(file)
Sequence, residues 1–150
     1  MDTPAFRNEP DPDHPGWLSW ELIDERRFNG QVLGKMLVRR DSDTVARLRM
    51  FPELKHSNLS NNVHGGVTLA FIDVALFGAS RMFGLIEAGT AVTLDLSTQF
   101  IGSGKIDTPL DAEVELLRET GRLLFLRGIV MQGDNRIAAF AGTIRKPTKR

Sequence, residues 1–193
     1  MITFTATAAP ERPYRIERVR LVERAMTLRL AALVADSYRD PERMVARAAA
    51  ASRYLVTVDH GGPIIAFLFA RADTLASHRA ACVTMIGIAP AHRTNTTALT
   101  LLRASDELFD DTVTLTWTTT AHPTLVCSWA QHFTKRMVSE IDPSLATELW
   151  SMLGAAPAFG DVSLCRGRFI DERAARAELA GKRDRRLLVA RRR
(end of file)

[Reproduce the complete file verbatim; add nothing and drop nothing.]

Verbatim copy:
Sequence, residues 1–150
     1  MDTPAFRNEP DPDHPGWLSW ELIDERRFNG QVLGKMLVRR DSDTVARLRM
    51  FPELKHSNLS NNVHGGVTLA FIDVALFGAS RMFGLIEAGT AVTLDLSTQF
   101  IGSGKIDTPL DAEVELLRET GRLLFLRGIV MQGDNRIAAF AGTIRKPTKR

Sequence, residues 1–193
     1  MITFTATAAP ERPYRIERVR LVERAMTLRL AALVADSYRD PERMVARAAA
    51  ASRYLVTVDH GGPIIAFLFA RADTLASHRA ACVTMIGIAP AHRTNTTALT
   101  LLRASDELFD DTVTLTWTTT AHPTLVCSWA QHFTKRMVSE IDPSLATELW
   151  SMLGAAPAFG DVSLCRGRFI DERAARAELA GKRDRRLLVA RRR